The Royal Collection has in addition to a great deal of great and not so great art, etchings and drawings, but from the early years of photography, expensive enough in the late 19th Century to be an art form, and a number of items that caught the Imperial eye of HM Queen Victoria.
The picture above is a striking example. Taken on 7th June 1880 it is of the five living veterans of the 1815 Battle of Waterloo who were "in pensioners" of the Chelsea Hospital. Probably also there were "out" ones living here and there and other veterans, not pensioners and doubtless a few unknown at the time.
It is difficult to know which to look at first, but perhaps starting with the saddest story, Benjamin Bumstead, from Kent born 1797, of the 73rd Regiment of Foot, this would have been the 2nd Battalion. Wikipedia says that " The battalion fought in the Battle of Quatre Bras on 16 June 1815 where they lost 53 men killed and wounded.
Two days later at the Battle of Waterloo on 18 June, the regiment was charged by French Cavalry no less than 11 times during the battle and bombarded by French artillery. It remained in square without breaking. The battalion lost 6 officers and 225 men killed and wounded."
By 1841 he is back in Kent married to a Jane and a labourer, and they have two children. Two years later she moves in with a William Edwards, has more children and by 1851 Benjamin is in the Workhouse. In 1861 there is no record of him, but in 1871 he is again in the Workhouse. He says he is unmarried but there has never been a divorce. It is not difficult to imagine that by his late 40's he was a broken man.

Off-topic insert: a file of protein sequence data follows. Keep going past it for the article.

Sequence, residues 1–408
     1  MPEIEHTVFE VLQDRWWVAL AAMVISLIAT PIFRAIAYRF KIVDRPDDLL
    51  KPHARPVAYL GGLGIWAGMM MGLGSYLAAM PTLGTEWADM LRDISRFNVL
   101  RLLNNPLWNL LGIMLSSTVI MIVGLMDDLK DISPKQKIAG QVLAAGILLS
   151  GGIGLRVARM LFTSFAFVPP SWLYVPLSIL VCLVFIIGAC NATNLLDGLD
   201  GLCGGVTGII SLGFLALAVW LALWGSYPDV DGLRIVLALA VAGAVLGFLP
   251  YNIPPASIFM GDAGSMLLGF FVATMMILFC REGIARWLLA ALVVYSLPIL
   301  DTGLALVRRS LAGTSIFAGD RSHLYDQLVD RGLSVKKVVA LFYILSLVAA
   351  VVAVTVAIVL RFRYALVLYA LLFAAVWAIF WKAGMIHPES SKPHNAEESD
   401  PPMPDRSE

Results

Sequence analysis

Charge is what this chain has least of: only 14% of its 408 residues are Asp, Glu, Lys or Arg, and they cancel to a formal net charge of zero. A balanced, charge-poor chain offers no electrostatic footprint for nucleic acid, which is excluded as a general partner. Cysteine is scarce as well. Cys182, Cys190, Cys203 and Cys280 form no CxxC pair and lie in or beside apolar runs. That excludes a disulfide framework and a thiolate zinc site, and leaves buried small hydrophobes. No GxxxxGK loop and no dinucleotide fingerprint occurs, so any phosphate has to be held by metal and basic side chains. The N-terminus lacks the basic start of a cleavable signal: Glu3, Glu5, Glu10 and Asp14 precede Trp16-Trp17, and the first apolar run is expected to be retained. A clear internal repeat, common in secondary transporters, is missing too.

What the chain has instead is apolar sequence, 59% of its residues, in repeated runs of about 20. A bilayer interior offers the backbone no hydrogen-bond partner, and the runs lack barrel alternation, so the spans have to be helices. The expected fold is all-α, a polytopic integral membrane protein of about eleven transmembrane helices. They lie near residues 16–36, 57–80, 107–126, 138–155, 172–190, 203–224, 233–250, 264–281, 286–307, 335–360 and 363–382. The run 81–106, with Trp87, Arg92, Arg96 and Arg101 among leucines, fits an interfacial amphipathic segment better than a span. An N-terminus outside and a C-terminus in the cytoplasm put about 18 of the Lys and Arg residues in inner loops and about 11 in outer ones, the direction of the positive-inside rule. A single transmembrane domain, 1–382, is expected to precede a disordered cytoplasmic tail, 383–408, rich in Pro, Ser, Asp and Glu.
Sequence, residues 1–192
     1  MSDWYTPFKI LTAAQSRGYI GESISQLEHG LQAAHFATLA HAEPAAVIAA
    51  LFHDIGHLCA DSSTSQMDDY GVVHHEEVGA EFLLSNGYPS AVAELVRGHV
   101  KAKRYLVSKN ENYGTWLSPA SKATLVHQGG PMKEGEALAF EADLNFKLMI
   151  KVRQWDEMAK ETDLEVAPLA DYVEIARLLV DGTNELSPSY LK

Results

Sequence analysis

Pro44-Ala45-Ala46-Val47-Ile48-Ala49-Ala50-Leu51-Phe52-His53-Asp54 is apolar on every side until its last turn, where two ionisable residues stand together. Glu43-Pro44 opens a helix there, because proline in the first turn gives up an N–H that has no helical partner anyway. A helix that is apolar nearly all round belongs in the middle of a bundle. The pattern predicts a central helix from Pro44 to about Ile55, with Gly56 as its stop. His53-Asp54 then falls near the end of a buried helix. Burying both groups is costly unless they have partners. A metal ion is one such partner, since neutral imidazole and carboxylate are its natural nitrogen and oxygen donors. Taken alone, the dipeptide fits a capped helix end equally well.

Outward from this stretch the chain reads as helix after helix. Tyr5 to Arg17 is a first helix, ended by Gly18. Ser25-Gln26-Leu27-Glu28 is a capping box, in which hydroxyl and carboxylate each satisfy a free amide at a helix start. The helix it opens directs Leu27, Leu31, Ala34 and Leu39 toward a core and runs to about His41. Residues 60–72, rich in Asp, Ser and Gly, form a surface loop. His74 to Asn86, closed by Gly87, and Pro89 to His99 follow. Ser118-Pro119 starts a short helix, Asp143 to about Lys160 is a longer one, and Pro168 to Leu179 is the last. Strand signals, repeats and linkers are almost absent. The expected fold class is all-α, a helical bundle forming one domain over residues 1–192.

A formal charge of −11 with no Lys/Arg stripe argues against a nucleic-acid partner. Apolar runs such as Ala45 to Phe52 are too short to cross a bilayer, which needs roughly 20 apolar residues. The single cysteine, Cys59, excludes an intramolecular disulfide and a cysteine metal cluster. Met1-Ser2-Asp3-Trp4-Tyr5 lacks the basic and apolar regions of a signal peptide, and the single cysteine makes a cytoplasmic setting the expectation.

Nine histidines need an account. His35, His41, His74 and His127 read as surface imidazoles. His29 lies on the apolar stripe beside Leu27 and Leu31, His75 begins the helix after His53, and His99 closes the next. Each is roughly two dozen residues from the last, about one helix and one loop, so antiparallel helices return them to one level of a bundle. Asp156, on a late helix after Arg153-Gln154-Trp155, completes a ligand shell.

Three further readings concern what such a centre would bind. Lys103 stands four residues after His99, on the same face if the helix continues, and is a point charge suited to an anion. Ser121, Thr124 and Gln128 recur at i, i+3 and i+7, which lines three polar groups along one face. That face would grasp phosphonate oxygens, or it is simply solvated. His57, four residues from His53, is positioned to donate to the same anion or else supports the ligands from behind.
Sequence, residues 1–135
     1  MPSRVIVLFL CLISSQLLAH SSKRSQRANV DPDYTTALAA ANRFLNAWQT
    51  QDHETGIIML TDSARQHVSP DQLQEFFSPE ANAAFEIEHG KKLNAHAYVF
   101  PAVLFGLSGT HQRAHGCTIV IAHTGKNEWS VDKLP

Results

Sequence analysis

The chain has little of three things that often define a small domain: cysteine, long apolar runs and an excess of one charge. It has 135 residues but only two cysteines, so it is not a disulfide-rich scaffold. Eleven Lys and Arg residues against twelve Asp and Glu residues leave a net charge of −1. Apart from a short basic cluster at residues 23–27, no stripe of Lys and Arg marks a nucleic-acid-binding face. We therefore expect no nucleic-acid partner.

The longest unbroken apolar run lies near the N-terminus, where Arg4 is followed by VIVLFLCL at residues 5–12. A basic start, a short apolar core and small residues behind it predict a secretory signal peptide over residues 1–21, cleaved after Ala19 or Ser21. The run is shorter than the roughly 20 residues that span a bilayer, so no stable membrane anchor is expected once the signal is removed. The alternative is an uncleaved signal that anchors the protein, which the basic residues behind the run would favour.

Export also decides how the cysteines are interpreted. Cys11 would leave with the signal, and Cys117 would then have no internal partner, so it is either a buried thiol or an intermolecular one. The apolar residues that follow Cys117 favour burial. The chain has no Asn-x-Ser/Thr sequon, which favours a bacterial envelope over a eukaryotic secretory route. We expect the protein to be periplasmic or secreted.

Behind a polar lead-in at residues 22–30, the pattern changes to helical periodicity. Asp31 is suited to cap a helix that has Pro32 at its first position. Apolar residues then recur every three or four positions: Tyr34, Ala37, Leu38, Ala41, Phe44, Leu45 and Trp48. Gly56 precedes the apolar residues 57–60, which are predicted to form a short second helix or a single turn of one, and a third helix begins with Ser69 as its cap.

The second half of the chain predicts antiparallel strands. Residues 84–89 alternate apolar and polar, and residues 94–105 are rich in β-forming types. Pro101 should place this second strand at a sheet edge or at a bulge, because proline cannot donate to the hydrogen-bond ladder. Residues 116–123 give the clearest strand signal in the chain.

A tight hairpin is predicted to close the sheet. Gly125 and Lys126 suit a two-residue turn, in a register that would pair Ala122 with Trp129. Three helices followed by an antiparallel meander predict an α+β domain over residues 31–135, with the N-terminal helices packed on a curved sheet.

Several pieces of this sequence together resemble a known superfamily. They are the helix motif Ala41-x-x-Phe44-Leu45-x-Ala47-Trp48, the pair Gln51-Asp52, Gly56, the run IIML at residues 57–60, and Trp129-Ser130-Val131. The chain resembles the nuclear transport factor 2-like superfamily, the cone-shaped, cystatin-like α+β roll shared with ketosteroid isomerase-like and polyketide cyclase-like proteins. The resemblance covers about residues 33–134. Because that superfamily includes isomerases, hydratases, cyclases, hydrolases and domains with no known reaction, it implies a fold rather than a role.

For Robert Norton, the picture creates a problem. He is shown as having served with the 34th Regiment of Foot, when in fact it was the 54th West Norfolk Regiment of Foot. His death on 28 July 1881 was widely reported in the local press in Norfolk. The shifts and reorganisations of regiments during the 19th Century could lead to confusion later.
The regiment seems to have had a relatively minor role at the battle and perhaps the lack of a real study of its history in the 19th Century means that not enough is known. By 1841 Robert is back in Norwich and working as a silk weaver. He seems to have been a political activist. The Norwich Mercury in 1881 says that he was an ardent politician and never failing attendant at political meetings. The weavers in that day and age had a reputation for militancy.
Sampson/Samson Webb, who served with the 3rd Foot Guards, the Scots might be thought to be Scots, but regiments could pick up recruits anywhere in their travels and did. He was born in Ludlow, Shropshire and returned to Shrewsbury after his service.
He married a Wiltshire girl, Rachel Attwood, and their first son was born at Westminster around 1831 suggesting that his battalion was on public duties. The second son was born three years later at Ludlow. In 1851 he is listed as a Sergeant in the Militia, still Army. By 1861 he is a furniture polisher and Chelsea Out Pensioner. Rachel died in 1869 and not long after becomes an "In".
There was a Scotsman in the picture, however, John McKay of the 42nd Regiment of Foot. Better known as The Black Watch this was one of the finest regiments of the British and for that matter any army in history. I confess a slight prejudice, an ancestor served with them in the Peninsular War, but did not make it to Waterloo.
This article deals with him:
A Waterloo Man - Private John McKay, 42nd (Royal Highland) Regiment of Foot by Andrew Thornton
John McKay attested for the 42nd (Royal Highland) Regiment of Foot at Caithness on 25 February 1810, aged 15. He fought at Quatre Bras and was wounded at Waterloo. John continued to serve with the 42nd Foot until he was discharged on 22 November 1837, having also seen service in France, Gibraltar, Malta and at home stations.
He married in 1831 and he and his wife Harriott had two sons. Later admitted as an In-Pensioner at the Royal Hospital, John was one of the last surviving veterans of Waterloo. The Edinburgh Evening News published the following article about him in their 12 April 1886 edition: A WATERLOO VETERAN: “The last survivor of Waterloo in Chelsea Hospital, John Mackay (sic), who fought in the ranks of the 42d Highlanders, enjoys excellent health and is generally in good spirits.